By Jumana Shahid, 11A
In the wake of the tragic suicide of one of our townsfolk, we recovered a letter from the victim. Her last words are as follows:
Children’s laughter was a common sound that echoed throughout the streets. At one point of my life, I thought that it such a pleasant sound to hear; I likened it to the sound of wedding bells.
Years had passed since I first moved here, since that thought first came to me. But, as the years passed by and made my body brittle, the thought morphed into something darker.
It didn’t start instantly—but, like, happiness, it slowly sneaked in, never noticed until it was too late. That feeling of joy grew bitter over time. What used to bring a smile to my face started bringing frowns and tears instead. The very thing that gave me hope—the very thing I wanted the most but never had—was what was slowly killing me inside. I moved here with my husband, as newly-weds, ready to take on the world together. How wrong I was!
I didn’t notice it at first… but I snapped out of my trance, facing the harsh reality of my life. I could not continue to delude myself to how my husband—who had professed his love to me with such sincerity before—changed. I had been blind, and only now was I seeing the real him.
While I waited in the cold house and kept dinner warm for us, he would return late, smelling of alcohol and various perfumes. While I stayed alone, he sought out other company. While I turned away men offering friendship and help, he left me behind, without a care, to his nightly rendezvouses.
Patient though I was, even I could not keep all my feelings bottled up. But showing my dissatisfaction proved to be a horrible mistake. He lost his temper.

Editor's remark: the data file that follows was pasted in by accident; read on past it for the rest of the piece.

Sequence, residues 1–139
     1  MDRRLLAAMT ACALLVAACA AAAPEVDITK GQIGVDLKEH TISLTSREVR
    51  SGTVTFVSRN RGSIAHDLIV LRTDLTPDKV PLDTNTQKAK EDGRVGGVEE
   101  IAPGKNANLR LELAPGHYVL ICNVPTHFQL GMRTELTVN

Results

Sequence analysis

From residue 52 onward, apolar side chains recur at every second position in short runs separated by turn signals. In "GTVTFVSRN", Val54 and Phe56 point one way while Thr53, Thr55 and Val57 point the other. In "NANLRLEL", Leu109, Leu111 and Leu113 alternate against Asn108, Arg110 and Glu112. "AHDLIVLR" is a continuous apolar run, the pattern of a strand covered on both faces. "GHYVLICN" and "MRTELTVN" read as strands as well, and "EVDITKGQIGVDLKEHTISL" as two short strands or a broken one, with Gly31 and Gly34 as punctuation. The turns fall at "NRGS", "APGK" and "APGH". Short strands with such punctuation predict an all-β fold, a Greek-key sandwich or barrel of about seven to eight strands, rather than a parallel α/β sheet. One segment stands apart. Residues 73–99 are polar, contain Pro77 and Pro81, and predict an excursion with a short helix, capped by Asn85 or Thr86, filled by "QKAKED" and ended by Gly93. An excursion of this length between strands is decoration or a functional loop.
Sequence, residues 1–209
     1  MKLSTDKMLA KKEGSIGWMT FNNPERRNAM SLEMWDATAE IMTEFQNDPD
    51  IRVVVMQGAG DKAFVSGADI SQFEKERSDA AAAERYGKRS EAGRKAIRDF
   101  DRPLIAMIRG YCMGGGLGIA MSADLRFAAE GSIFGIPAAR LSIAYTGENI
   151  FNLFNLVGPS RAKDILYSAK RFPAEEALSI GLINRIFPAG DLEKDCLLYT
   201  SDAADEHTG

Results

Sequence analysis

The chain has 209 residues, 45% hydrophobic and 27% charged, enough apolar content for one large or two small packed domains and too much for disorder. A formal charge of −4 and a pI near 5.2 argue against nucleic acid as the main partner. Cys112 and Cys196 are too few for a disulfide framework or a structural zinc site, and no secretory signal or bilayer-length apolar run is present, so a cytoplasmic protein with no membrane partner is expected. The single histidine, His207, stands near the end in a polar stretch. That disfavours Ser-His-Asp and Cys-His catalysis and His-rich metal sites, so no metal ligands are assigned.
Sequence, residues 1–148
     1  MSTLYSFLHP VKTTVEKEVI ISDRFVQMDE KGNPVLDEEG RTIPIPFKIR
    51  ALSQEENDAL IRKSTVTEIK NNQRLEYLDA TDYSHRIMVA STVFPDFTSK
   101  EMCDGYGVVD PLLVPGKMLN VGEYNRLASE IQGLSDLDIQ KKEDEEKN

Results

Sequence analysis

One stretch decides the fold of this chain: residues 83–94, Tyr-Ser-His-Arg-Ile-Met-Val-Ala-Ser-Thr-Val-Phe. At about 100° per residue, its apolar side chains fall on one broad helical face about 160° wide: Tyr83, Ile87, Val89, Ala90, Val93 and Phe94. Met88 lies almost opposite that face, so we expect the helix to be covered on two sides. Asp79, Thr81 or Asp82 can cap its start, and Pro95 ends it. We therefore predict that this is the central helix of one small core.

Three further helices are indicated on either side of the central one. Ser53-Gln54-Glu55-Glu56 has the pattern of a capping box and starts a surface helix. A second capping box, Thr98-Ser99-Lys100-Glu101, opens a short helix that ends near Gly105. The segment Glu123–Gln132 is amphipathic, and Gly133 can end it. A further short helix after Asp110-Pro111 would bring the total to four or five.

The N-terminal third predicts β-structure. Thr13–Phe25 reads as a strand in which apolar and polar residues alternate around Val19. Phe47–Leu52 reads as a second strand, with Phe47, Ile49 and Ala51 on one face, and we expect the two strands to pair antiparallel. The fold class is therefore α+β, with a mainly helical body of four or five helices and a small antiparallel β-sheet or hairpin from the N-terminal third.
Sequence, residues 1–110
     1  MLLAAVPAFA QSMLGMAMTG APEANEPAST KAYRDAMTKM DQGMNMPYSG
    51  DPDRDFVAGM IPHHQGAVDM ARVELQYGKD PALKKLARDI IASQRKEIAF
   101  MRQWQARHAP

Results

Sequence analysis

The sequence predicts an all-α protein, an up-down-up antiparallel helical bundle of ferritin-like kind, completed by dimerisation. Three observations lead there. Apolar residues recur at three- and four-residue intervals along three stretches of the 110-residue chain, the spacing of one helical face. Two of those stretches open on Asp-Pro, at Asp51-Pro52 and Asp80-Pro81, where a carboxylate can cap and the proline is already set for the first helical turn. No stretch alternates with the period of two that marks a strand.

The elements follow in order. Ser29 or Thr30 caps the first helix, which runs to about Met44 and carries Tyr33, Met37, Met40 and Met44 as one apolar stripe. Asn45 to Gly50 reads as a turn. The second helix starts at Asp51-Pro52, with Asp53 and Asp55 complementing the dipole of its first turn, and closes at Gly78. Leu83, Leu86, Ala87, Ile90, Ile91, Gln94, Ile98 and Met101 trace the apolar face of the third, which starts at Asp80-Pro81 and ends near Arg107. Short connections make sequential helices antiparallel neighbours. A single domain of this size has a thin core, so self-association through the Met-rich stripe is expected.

He began with a cold calmness, dismissing my very existence, reducing me—his wife!—to a slave. Then the words grew louder, clearer, the wounds digging deeper. And it escalated to physical violence, leaving my body scarred and bruised.
More than once, I had thought of running away, but I never acted upon it. I foolishly believed this was just a phase. That he would return to being the man I fell in love with. I waited, and waited, and waited—in vain. And I realised I had to do it. I just couldn’t deal with it any more.
At long last, I ran away.
For a whole month I was happy, living without my husband. I made friends. I had an existence separate from his. Yet, all the while, I harboured fear that he would come after me. I hoped that he wouldn’t, but the fear remained. I knew, in my heart-of-hearts, that he was too stubborn to lose something he considered to be his possession.
The day it happened was terrifying. I was drifting off to the sound of pattering rain drops on the roof, lulled to the point of dreaming. Just as sleep descended, I was jerked awake by the sound of the wind, and the smashing of wood as someone ripped the door off its hinges.
What happened next is not something I can bear to recall. Suffice it to say that, by the end of it, I gave up completely… I gave up on him, I gave up on the love we once had, and most of all, I gave up on myself. On life itself.
So I end this letter, with this: all I ever wanted was a happy life as a writer and a mother, faithful to my husband, our child kind and healthy. As it turned out, my existence was a far cry from this dream of mine.
And yet, though I suffered cruelly, I hope someone finds this letter. The picture attached with this letter is—was?—my Love. Please find him, and help him. Help him become a better man.
Goodbye, and thank you, stranger.